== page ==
Tuesday, June 16, 2009

One tool. Five days. 23% increase. Really.

Seem to be a lot of folks looking for Super Simple Social media examples to help them or their clients get it. So I want to share what I think to be a pretty remarkable story about a social effort that Jigsaw, the agency that so graciously writes me a paycheck every couple of weeks, did with social media in five days - Yes, FIVE DAYS. Caveat: I don't want people to take away that social media is a quick-turn solution. It typically is NOT. It is a long-term commitment. But I have found that this example has helped whet the appetite of even the biggest nay sayers, because it is so ridiculously simple.

Situation/Objective: Blood Drive. Need to get 16-18 year olds to donate blood in greater numbers. Muy pronto.

Strategy: Use social communication tool to enable current teenage blood donors to influence their friends and peers to donate.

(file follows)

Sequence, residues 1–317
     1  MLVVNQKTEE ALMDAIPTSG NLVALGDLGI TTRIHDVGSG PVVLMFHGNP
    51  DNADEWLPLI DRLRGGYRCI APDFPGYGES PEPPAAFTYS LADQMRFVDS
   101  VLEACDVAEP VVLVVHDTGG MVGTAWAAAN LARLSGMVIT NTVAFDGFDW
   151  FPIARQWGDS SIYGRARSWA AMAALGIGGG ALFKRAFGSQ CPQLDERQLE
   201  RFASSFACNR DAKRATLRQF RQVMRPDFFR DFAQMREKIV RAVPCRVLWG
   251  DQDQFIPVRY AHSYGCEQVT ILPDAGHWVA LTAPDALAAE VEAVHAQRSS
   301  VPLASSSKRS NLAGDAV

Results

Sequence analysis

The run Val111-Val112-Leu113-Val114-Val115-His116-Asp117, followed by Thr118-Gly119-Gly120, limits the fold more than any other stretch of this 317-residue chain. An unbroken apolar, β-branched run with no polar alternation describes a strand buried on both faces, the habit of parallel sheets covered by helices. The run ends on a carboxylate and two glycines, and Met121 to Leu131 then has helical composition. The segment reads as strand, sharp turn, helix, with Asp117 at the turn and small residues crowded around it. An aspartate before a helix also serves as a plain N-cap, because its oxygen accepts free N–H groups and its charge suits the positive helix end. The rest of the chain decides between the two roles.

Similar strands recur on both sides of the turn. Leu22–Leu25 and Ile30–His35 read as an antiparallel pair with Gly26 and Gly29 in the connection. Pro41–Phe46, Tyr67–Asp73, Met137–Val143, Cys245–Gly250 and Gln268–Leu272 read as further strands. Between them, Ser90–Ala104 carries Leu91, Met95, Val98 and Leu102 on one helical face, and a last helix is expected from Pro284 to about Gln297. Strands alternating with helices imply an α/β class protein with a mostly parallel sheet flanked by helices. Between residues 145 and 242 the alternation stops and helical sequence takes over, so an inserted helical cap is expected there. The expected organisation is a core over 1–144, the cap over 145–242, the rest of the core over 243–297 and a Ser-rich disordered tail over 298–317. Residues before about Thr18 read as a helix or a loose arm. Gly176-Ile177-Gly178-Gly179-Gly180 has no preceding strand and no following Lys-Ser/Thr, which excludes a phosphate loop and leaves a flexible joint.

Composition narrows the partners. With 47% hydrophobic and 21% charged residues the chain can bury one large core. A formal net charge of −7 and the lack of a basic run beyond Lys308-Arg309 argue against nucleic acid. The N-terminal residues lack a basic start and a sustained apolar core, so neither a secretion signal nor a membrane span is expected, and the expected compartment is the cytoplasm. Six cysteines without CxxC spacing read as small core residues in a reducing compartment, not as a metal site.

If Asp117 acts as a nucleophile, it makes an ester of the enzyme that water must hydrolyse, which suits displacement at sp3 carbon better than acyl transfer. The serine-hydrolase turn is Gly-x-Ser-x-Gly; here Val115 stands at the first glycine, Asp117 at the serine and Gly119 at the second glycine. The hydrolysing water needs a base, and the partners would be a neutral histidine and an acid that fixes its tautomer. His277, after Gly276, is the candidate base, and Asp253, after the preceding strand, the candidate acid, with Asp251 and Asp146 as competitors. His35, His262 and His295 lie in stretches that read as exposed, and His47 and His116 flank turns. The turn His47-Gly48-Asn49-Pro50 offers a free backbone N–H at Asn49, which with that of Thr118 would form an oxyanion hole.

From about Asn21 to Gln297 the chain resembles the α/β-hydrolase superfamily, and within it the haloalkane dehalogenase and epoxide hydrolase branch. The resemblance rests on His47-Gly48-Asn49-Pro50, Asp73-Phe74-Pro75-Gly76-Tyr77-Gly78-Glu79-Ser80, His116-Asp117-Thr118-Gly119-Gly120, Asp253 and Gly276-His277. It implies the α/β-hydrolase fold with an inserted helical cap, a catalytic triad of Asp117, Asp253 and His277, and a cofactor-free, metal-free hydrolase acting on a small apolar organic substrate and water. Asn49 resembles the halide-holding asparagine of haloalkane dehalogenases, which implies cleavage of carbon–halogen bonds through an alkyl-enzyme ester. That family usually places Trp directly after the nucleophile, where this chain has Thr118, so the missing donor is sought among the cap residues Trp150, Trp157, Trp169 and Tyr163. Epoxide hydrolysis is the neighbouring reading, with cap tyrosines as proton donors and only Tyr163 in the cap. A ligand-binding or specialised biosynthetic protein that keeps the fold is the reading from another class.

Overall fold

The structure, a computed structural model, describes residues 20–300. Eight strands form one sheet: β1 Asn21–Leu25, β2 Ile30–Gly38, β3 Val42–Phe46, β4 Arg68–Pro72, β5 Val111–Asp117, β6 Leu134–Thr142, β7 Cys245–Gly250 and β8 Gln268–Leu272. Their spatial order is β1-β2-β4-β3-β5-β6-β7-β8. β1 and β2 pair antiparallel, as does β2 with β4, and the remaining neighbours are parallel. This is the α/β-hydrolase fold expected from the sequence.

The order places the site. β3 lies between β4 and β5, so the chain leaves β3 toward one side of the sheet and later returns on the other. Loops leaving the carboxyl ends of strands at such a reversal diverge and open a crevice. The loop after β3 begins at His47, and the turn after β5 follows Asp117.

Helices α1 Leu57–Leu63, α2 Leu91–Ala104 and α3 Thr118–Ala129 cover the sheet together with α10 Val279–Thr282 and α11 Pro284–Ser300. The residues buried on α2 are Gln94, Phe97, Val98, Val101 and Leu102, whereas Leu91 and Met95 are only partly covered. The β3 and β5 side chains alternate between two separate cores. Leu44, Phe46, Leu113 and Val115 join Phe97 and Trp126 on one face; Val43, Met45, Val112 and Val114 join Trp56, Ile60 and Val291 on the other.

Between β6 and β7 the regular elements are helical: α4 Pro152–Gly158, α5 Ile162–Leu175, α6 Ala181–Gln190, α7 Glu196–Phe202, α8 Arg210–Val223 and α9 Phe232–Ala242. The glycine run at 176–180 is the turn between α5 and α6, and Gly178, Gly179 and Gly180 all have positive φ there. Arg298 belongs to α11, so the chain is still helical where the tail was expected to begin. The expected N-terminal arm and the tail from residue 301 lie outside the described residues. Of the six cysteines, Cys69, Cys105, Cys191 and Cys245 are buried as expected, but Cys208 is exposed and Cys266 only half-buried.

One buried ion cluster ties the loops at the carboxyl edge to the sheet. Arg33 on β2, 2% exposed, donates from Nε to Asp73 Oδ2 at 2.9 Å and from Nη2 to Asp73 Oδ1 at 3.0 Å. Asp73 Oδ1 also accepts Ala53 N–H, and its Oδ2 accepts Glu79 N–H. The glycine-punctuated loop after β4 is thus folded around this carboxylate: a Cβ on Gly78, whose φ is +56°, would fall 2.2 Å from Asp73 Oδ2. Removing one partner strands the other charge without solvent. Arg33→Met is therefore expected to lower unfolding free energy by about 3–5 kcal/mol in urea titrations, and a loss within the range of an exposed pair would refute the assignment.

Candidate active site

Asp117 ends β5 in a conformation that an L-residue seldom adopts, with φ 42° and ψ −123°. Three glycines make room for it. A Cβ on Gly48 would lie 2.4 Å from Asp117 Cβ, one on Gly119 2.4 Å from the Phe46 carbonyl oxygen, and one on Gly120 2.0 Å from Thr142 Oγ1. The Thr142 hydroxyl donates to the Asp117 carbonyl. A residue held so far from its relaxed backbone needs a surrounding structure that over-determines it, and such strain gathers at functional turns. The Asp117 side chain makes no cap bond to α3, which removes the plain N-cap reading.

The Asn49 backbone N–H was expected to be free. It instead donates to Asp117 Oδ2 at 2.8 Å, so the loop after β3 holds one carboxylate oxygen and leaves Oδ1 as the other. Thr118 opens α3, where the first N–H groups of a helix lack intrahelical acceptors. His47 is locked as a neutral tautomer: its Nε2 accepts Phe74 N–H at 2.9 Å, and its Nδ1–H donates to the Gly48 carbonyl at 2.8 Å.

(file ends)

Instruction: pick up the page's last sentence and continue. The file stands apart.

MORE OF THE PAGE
Super Simple Tactics: Facebook. Coach 17-year-old blood drive organizer to 1) launch Facebook fan page and event page 2) add some simple video and links and 3) invite people to join. Watch cryptic teenage conversation unfold.

The Money Tactic: Create discussion threads. Ask "Do you know anyone who ever needed blood? What's the story?" Experience awe as young woman steps up to offer this emotional plea:

Then, send reminder message two days before blood drive. Encourage group members to check out the above story.

Result: 23% increase in blood donation over previous blood drive, with no other significant differences in communication. Messages from other teens indicate that "I did donate today, and Hailey's story gave me the extra boost of courage to get over my fear of needles."

A Few Observations:

First of all, it is the best feeling in the world when you know without a doubt that what you just did made a difference. There is NOTHING better. Second, it is important to note that it wasn't just that fact that we used Facebook that had the influence; the fact that we were on Facebook merely helped the organizers and participants get excited and talk up the event. All we did was organize the channel; they did all the real work. Finally, this is a best case scenario. Facebook is great for mobilizing actual causes, but I think even for those it is getting more and more challenging to get noticed on Facebook. And it's not this simple for every brand, by any stretch of the imagination.

Still, it does whet the appetite, doesn't it? Is this helpful or not?

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